Thursday, September 30, 2010

Religion for the Lonely

primordial soup.

in the early
allied in the spirit

of nucleotides,
becoming chains
of potential,
which rained down
from heaven
upon the desert sea

like the seeds
they would beget,
along with lungfish,
cockroach, and spleens.

But in the beginning
was only acid
to re-imagine itself,
to remember,
to distill

life, and then stronger
life, and finally

What a revelation,
the membrane, creator
of internal worlds.

realized the first
to strengthen
and to commune.

The joining
of worlds, inevitable.

Here a tail,
there a hook,
and a mere billion
years later
acid was algae.

And algae learned
to exhale
oxygen, invented
sex and thrived
on its own breath--

turned verdant
and rooted to stone.

animal forms gathered
exuberance into fins,
shells and spines.

On land, over-teeming
green and the first
creaturely ventures
against gravity endured
upon catastrophe,

exalting only the strong.
And perishing
gave rise to eloquence.

Shimmering scales,
gracious bloom,
and mammalian warmth.

a suckling babe.

And imagine
forgetting all of this,
the very legacy

of the cells in my old friend's
wrist where he so blithely
drew a razor,

not intending to die,
just hoping to prove he was
not already dead.

He and I do not speak
anymore, not least
because the mind fails
to comprehend
its own grandeur.

But at Christmas
I thought of him
when I peeled back
gold foil from a small world
sealed in glass.

Within, fairy shrimp
feasted on algae
in a sun-fueled Eden,
which I placed
on my desk, a reminder
that we are at least
as marvelous as that.

The last time I saw
my friend
was the funeral
of another young man
who had a problem
with forgetting,
and a shotgun--

such a crude tool
to end the work of eons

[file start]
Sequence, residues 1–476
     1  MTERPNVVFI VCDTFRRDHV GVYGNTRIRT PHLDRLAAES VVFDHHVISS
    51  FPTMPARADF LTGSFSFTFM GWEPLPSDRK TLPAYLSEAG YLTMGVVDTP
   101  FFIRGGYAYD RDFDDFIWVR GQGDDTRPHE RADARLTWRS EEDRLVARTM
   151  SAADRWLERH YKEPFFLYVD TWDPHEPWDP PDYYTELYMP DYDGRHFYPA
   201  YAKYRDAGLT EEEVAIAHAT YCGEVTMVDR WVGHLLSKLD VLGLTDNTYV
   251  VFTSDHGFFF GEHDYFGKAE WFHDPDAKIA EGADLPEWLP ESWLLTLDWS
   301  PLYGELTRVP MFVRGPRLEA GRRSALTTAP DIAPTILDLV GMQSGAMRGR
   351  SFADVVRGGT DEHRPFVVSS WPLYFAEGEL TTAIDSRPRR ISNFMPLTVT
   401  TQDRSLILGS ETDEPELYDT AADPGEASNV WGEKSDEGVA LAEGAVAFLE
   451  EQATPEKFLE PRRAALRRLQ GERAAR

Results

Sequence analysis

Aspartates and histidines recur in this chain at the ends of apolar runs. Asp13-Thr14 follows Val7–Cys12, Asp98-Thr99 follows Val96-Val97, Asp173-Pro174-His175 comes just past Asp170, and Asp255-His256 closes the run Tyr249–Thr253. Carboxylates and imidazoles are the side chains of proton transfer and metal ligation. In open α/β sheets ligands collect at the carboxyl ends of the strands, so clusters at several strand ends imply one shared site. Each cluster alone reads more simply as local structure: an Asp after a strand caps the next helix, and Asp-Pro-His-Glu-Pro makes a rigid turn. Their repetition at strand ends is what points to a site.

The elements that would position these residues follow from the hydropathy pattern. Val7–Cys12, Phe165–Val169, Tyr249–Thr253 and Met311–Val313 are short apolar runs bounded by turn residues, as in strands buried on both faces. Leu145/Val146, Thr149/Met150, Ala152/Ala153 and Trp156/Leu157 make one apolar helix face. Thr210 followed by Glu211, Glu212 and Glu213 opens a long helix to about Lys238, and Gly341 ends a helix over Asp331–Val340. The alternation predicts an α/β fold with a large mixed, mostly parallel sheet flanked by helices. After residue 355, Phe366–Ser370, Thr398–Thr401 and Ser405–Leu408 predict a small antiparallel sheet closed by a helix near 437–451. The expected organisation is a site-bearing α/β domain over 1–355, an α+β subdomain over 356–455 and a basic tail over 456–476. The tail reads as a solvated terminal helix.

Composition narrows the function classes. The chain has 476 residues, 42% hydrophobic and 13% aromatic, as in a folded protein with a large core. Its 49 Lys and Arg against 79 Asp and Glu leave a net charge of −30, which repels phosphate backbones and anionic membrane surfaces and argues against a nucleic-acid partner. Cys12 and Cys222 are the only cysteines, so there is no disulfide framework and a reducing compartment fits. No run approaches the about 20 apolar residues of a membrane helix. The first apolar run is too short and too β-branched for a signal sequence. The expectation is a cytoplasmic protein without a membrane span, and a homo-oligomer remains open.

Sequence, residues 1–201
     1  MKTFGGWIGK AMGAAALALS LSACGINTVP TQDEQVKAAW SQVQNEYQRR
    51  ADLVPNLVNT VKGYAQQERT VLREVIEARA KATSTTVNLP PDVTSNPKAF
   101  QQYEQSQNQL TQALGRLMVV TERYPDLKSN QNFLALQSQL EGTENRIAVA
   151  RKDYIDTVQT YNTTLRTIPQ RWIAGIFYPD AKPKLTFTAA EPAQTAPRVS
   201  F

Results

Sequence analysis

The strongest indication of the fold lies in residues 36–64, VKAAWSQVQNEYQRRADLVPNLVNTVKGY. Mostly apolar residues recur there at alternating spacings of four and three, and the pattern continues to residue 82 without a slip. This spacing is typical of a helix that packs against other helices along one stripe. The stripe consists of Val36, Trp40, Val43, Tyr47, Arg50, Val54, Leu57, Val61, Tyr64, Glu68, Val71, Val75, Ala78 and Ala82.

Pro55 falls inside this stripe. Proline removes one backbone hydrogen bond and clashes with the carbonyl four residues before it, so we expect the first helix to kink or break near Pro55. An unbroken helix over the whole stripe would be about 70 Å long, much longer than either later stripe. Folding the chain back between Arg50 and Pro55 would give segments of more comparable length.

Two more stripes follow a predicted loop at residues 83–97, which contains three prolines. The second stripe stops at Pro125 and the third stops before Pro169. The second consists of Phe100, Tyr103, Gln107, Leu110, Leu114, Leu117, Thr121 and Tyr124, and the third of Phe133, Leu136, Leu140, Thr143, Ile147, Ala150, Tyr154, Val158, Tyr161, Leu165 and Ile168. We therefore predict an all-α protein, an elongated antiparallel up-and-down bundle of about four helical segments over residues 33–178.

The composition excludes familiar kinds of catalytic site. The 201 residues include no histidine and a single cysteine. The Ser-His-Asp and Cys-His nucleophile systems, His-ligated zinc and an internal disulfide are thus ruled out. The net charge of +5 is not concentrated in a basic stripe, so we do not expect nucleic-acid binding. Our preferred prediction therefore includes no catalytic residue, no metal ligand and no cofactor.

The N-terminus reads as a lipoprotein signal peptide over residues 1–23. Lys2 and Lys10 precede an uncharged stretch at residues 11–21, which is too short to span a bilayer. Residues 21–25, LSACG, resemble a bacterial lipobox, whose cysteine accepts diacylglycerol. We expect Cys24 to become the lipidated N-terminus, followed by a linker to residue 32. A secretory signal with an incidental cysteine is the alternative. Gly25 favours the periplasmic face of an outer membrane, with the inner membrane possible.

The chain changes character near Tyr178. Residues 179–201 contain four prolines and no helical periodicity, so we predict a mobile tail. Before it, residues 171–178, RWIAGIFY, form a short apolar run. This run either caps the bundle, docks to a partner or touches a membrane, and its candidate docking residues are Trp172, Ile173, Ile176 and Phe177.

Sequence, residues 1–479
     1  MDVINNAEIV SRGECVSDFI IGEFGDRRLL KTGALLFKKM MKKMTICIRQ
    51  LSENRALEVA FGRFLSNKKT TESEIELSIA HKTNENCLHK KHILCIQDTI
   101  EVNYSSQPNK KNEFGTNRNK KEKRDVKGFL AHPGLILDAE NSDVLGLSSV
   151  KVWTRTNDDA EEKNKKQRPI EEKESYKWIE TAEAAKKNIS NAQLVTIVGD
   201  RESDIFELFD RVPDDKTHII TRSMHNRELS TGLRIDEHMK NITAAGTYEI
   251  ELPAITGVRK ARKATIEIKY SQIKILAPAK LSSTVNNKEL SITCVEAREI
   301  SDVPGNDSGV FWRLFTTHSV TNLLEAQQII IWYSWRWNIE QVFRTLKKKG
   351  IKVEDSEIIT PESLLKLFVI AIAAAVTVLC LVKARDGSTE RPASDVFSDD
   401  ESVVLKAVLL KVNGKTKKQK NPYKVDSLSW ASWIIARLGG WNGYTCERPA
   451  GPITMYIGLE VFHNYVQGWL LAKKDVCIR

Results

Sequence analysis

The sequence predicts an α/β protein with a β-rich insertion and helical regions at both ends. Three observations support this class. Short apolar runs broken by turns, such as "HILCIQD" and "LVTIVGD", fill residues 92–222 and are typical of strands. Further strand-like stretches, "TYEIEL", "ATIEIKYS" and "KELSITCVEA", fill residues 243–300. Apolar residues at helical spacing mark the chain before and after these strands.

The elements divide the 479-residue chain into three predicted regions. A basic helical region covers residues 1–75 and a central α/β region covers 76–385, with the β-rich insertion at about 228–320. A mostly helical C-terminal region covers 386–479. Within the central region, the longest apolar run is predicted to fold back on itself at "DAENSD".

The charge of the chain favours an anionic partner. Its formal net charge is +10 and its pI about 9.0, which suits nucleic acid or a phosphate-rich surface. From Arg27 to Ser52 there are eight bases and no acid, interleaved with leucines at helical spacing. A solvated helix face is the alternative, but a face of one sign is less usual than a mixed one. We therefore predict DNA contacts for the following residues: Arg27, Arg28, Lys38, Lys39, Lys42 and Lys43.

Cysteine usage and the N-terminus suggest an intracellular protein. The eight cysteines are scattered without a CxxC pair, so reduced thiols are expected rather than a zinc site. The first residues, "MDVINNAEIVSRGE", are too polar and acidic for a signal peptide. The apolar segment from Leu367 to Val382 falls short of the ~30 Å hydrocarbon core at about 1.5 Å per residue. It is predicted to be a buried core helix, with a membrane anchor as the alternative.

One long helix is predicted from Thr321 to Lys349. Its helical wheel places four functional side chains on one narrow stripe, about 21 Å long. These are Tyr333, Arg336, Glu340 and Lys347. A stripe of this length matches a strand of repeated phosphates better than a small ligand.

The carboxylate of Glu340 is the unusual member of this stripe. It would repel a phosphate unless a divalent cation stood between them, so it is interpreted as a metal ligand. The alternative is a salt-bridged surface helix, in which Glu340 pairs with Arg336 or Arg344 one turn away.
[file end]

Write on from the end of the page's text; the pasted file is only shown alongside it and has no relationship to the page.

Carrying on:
that have already borne
innumerable endings.

Yet I have a paper
packet of cosmo seeds
in my pocket, the beginnings
of a trillionth miracle.

And I still dare to want
for love.  We yearn
for what we are beneath
our blunt object egos.

Consider the lilies,
and grazing ewes.
Offer thanks
to who will listen,

personage in the sky
or child on the corner.
We are progeny
of an exploding heaven.
Forged in the roiling
waters of a jeweled orb.

Let us rejoice.

Wednesday, August 25, 2010

Twenty-five: Confetti

*I intend this poem to be the first of a series of birthday poems--snapshots of what I am experiencing as my age turns.  I'll be twenty-five on September fifteenth.

I stole the peonies
that reminded me

of my great-grandmother.
They blossomed

through the fence—

which I did not mention
as I gripped the chain link

against a kiss,
also stolen

and displayed.
Heads of pink petals—

obscene cabbages
that shed their bounty

overnight, and left
refuse on my nightstand. 


I wake late
and hung-over
before the ceremonies

of a dead elder
and wedding friends.

Top down, we drive
over hills that were

In the back,
my eyes closed
against the rush and light—

sound of struggling

and illumination
of inner eyelids.

I sit in a pew,
my hair askew,

and proceed
to consume

the Perfect Body
saturated in wine.


My mind a child’s
folded fortune teller,

a different future
under every flap.

Mansion, apartment,
or shack—all of  paper.

But now I have a house
with bones and square feet.

I spackle
the bullet holes

and paint over—
exuberant teal.

My colored
and white crusted

palms testify
to the cover up.

I scrub them
in the sink,

laden with crystal,
and I think

how the broken wine
glass glitters

prettily, like spent
sweat or semen.
I sweep it up,

to forget
the cabernet

and his solid form—

We are enraptured
by shattered things,

which never catch